by Edward Reifsnyder | 9 January 2024
I’ve never heard anyone say anything good about the way the Seventh-day Adventist Church selects the President of the General Conference (GC). Let’s be judgmental right up front, and affirm that the tithe-paying constituency should be comfortable with the process.
One conference president who has served on the GC Session Nominating Committee has commented that a lot more due diligence goes into selection of a local pastor than the GC President.
How does it work now?
A large bunch of people (some 2,000) show up at the GC Session. Pretty quickly, each Division’s delegation caucuses and selects ten percent of their delegates to be members of the Nominating Committee. The Divisions select those members “by the method of voting considered by each delegation to be most convenient and efficient.” (GC Constitution) The GC then adds another eight members. It all adds to roughly 250 members of the Nominating Committee.
Right off the bat, you can see there is room for mischief. Each Division’s option of using the “most convenient and efficient” method of voting can lead to anything and is subject to being manipulated by Divisional leaders.
Then these 250 people show up immediately in a room. The sitting GC President presides over the election of a Chairman for the Nominating Committee. The new Chairman then presides over the election of other helpers in the committee process – Vice chairs and Secretaries, etc.
Then they get down to the business of nominating the President of the General Conference. This seems to consist of committee members throwing names up on a board with ensuing discussions leading to a series of votes until someone is nominated.
How sophisticated is that process? Has any forethought gone into it? Probably the answer is “yes,” but likely not the right kind. Probably there has been – and is – all kinds of informal backroom politicking, negotiations, horse trading, and persuasion that is tragically non-transparent.
Some will say that God is leading in the process. Count me as a skeptic. Given the looseness of the process, I think it is all too vulnerable to the realities and foibles of humanity. My guess is that the current process is a throwback to the days when the Church was small and sited largely in the United States, days when everyone knew everyone.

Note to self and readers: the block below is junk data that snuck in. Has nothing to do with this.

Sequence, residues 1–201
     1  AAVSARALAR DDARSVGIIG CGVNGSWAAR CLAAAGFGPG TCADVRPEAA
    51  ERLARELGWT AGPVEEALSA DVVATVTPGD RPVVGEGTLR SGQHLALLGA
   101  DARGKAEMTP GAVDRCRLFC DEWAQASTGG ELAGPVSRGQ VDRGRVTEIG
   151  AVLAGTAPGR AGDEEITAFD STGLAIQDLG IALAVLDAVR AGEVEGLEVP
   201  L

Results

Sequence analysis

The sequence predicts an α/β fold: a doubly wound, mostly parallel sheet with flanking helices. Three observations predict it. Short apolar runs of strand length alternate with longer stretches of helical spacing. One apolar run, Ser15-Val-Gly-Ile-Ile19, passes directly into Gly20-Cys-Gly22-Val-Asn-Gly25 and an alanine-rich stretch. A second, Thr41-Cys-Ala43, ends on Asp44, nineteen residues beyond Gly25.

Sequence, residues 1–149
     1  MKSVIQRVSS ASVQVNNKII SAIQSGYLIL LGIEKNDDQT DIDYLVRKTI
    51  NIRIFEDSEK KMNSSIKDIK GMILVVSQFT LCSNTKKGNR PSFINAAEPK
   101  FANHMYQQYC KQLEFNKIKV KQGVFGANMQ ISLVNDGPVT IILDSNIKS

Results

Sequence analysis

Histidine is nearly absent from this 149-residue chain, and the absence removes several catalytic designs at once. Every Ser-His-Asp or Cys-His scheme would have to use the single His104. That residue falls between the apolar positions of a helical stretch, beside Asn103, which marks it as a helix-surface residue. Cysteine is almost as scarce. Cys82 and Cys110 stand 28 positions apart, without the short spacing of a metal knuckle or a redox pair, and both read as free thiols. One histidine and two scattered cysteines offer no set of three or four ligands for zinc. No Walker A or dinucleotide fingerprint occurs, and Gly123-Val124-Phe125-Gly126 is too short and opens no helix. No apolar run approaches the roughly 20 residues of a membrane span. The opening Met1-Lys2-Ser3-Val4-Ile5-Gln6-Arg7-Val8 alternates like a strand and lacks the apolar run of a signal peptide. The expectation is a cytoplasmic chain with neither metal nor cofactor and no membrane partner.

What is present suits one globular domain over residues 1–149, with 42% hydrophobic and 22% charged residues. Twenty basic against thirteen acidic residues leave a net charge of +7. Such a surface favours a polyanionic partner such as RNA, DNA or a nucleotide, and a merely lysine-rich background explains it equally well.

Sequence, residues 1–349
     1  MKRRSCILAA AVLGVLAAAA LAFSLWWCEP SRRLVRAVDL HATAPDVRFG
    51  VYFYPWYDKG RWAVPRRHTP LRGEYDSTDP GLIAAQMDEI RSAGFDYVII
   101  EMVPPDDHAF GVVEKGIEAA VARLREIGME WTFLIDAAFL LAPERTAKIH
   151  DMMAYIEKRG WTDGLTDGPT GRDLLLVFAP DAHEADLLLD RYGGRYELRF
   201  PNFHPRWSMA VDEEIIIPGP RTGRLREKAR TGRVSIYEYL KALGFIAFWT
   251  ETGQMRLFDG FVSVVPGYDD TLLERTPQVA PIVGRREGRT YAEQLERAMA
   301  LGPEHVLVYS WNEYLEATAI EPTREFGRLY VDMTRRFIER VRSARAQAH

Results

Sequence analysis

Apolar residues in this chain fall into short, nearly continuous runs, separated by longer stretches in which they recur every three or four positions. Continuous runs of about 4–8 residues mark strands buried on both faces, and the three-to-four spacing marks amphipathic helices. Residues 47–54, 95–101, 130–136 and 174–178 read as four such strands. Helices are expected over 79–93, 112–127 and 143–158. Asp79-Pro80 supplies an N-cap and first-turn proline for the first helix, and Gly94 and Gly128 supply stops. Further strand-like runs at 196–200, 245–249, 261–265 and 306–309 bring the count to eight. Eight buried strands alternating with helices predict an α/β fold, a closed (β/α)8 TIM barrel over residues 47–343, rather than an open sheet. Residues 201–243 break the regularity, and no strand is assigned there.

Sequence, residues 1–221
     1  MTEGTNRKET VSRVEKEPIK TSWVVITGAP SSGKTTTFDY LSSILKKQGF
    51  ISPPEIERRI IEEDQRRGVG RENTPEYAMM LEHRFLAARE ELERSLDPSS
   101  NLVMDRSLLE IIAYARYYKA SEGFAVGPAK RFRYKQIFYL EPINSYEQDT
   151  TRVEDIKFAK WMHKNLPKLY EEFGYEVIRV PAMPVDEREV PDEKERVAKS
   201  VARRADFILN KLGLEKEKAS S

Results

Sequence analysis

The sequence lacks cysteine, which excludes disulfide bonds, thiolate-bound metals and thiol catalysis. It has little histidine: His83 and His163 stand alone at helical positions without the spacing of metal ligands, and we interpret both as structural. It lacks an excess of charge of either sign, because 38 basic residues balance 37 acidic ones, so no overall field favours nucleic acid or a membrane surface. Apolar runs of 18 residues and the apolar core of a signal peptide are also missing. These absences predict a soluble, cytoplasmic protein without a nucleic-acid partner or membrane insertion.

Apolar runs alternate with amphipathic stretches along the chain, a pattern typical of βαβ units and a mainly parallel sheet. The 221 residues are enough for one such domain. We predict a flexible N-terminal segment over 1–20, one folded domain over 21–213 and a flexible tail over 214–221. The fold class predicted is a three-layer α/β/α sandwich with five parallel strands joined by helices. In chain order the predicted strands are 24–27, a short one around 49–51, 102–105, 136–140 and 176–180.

Once the Committee’s machinations yield a name, the Chairman then dashes to the floor of the Session and interrupts whatever is happening to present the Committee’s nomination of one person to be President. The delegates then vote.
If the nomination is approved, the President-elect then meets with the Nominating Committee for the remainder of its work. Interestingly, in 2015 it took three ballots of the delegates to elect Ted Wilson. The first two ballots on the floor resulted in his nomination being referred back to the Nominating Committee. Quite unusual, and usually a sign of opposition. Both the Nominating Committee and the delegates were apparently somewhat insistent!
Above the surface, nothing happens toward the selection of a new President before the GC Session, unless you count the non-transparent stuff. There is no formal process to develop consensus on what type of leadership is needed for the next five years, no orderly process to identify qualified candidates, no consensus on what the world church wants from its next President, or what should be accomplished in his/her (right!) new term. Nothing. It just all happens in one messy blurt!
But, below the surface, who knows what happens? The absence of an orderly process creates opportunity for politicking, influence peddling, deal-making, and untoward exercise of power.